Born Juan Esteban Aristizabal in 1974 in Colombia. Addresses: Record company--Universal Music and Video, 5713 N. Figueroa St., Los Angeles, CA 90042.
Juanes, born Juan Esteban Aristizabal, received seven Latin Grammy Award nominations in 2001, taking home a total of three awards--for Best New Artist, Best Rock Solo Vocal Album, and Best Rock Song. Playing in a mixture of styles he described to Ramiro Burr in the San Antonio Express-News as a "fusion of rock with folklore, R&B, hip-hop and funk," Juanes has captured the hearts of legions of Spanish-speaking fans around the world. In 2002 he won his fourth Latin Grammy for the song "A Dios le Pido."
Juanes was born in 1974 in rural Colombia. His parents were farmers, and Juanes grew up listening to such traditional Colombian music as vallenato and salsa. When his older brothers taught him how to play guitar, he decided to become a professional musician. At the age of 14 he discovered the hard rock music of bands like Led Zeppelin, Black Sabbath, and Metallica, a blend of influences continues to inform his music today. He told Burr that when he discovered hard rock and heavy metal, "I felt a lot of strength when I heard that music. I didn't understand the lyrics, but I liked the sound of the guitars and the strength they transmitted." Juanes has since expanded his musical palette, which now includes Colombian folk music, hard rock, R&B, and hip-hop, which he first heard in Los Angeles.
Juanes began his music career in Colombia, putting together a rock band called Ekhymosis that consisted of Juanes on guitar and vocals, Andres Garcia on bass, along with two other musicians. Based in Medellin, Ekhymosis enjoyed moderate success, playing a funk, rock, and flamenco fusion. The group disbanded in 1998, leaving Juanes to pursue his music career on his own.
Soon after the band's breakup, Juanes moved to the United States looking for broader success. The move paid off when he met Argentinean musician and producer Gustavo Santaolalla in Los Angeles. Santaolalla was impressed by the demo tape Juanes sent him, and he eventually agreed to help him cut his first solo album.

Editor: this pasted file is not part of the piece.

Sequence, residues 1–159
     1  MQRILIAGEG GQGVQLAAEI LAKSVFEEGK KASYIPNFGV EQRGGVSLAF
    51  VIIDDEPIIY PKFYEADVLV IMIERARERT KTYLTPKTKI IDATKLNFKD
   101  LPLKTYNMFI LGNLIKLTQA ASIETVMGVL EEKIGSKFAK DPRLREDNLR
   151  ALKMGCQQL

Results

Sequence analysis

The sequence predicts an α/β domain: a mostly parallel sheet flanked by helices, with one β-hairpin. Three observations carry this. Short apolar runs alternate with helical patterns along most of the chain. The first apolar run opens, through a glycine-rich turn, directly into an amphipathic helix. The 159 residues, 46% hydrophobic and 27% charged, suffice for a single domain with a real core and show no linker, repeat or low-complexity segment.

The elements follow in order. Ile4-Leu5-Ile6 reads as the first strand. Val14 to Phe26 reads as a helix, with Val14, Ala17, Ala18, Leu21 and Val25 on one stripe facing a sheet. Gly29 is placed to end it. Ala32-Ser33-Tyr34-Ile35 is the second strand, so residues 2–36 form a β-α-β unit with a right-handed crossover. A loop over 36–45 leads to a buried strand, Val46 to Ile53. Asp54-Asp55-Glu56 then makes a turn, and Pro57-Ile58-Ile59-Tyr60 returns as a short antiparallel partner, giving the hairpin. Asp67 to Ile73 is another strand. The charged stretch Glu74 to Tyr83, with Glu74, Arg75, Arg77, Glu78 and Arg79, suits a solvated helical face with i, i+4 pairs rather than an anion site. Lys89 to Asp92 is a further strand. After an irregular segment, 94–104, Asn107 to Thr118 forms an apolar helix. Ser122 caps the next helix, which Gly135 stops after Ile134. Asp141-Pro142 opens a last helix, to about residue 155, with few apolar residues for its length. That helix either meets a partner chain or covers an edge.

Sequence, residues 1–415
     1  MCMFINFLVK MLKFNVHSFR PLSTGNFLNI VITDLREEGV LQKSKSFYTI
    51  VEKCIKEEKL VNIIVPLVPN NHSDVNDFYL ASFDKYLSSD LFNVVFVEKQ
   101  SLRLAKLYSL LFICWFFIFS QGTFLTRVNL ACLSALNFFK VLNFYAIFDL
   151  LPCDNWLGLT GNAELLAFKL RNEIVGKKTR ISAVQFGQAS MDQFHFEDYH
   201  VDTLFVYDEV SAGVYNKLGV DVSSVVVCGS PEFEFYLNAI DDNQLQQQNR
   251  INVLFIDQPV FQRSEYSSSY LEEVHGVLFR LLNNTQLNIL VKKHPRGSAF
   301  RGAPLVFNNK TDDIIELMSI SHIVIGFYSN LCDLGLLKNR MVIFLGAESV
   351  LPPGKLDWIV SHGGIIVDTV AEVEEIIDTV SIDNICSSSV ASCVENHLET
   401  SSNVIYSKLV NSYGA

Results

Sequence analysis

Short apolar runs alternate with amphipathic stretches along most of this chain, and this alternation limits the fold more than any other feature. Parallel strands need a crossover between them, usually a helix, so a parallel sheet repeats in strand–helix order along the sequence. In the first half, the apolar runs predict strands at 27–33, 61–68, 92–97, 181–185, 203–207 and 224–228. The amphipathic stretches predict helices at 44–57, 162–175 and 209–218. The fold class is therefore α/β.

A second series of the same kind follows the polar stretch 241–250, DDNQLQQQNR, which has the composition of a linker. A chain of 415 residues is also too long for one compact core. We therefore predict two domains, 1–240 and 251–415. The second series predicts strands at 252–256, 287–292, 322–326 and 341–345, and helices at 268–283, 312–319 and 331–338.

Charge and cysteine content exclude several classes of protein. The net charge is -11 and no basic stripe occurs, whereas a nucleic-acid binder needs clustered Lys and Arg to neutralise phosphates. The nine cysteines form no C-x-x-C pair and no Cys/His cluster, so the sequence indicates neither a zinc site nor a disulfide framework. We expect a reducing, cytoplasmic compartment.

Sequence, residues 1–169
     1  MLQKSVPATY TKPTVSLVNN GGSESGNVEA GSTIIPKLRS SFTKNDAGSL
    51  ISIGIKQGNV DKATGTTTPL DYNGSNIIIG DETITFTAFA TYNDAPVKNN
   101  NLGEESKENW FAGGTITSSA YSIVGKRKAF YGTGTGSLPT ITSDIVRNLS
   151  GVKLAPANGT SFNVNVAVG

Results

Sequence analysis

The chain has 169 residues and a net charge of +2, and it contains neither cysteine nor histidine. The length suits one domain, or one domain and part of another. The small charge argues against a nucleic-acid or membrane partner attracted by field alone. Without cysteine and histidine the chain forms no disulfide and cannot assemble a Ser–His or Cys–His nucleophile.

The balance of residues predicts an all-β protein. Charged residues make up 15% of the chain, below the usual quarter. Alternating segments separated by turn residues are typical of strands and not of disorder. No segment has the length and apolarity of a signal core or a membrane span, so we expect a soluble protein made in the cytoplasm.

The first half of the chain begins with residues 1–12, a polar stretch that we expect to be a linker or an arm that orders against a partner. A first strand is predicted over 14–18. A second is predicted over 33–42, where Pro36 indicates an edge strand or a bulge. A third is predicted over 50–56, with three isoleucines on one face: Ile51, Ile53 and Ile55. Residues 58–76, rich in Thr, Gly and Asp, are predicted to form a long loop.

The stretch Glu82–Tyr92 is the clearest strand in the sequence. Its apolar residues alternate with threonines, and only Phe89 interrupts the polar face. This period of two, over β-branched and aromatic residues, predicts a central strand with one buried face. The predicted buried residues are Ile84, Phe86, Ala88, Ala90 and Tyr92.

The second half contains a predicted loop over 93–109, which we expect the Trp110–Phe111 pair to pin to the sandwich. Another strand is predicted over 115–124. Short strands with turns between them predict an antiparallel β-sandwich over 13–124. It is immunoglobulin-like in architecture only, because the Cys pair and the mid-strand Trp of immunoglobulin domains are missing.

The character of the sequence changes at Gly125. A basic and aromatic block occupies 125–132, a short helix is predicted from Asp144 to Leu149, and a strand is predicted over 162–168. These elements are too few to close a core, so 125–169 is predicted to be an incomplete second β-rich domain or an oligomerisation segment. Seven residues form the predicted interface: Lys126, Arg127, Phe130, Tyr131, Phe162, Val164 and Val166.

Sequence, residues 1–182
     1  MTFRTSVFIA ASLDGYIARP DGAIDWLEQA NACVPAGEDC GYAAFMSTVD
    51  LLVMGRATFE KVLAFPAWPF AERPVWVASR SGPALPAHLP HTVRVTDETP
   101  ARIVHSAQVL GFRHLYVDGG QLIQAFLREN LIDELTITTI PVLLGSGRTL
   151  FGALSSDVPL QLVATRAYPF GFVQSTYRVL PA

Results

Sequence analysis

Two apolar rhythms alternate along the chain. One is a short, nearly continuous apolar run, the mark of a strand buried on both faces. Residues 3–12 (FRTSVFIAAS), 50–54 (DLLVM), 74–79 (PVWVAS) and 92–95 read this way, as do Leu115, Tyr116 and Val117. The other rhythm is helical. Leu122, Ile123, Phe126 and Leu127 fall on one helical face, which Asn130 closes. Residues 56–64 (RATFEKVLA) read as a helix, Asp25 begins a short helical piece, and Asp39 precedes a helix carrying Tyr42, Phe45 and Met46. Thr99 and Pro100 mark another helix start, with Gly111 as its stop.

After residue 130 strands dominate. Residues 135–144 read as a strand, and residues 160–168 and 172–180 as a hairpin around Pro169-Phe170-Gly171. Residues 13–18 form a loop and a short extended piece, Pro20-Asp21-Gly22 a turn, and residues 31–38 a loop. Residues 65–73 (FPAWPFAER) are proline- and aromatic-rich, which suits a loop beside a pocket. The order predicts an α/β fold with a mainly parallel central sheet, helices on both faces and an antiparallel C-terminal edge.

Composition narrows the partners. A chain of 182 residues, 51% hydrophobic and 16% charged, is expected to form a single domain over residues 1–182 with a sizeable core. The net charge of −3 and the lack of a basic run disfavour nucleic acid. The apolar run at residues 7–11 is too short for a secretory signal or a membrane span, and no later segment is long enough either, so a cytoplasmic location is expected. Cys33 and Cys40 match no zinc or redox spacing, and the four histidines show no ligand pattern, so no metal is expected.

With Santaolalla's help, Juanes recorded Fijate Bien. The album, released in 2000 on the Universal/Surco label, featured a mix of styles, including vallenato, salsa, funk, and rock. It sold only moderately well in the months following its release, but it also picked up a total of seven Latin Grammy nominations. Juanes ultimately took home three Latin awards for his work on the album--those for Best New Artist, Best Rock Solo Vocal Album, and Best Rock Song. He also performed at the Grammy Awards ceremony, which was broadcast across the United States on the CBS television network.
Juanes's Grammys and his spirited performance at the ceremony introduced him to a wider audience, and sales of his album picked up immediately. The album hit the Billboard Latin charts, climbed to number 15 on the Latin pop charts, and reached number 36 on the top Latin albums chart. It also earned Juanes an American Grammy nomination for Best Latin Rock/Alternative Album. Buoyed by this success, Juanes followed Fijate Bien with Un Día Normal in 2002. His goal for the new album was to put his best foot forward musically, without being distracted by the success of his first album, and he spent nearly a year writing the songs for it.
A major theme in Juanes's music was the civil war then raging in his native Colombia, exemplified by the first single from Un Día Normal, "A Dios le Pido." This song, which celebrates living life fully in spite of its difficulties, struck a chord among Colombian listeners, as did the video, in which a couple walks through a hail of bullets to embrace. It stayed in the number-one spot on the Colombian charts for seven weeks, and won Juanes his fourth Latin Grammy. It also became a number-one hit song in many countries in South and Central America and in Spain.